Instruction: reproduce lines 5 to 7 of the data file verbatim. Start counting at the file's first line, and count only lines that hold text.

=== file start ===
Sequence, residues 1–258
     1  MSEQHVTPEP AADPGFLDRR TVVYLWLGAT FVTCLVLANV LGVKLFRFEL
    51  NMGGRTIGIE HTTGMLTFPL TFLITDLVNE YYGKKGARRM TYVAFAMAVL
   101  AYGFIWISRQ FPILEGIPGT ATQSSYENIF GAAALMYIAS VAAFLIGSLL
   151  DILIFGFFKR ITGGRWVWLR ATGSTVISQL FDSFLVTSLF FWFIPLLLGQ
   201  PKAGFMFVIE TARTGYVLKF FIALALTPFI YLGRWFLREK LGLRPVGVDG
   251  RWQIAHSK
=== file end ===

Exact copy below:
   151  DILIFGFFKR ITGGRWVWLR ATGSTVISQL FDSFLVTSLF FWFIPLLLGQ
   201  PKAGFMFVIE TARTGYVLKF FIALALTPFI YLGRWFLREK LGLRPVGVDG
   251  RWQIAHSK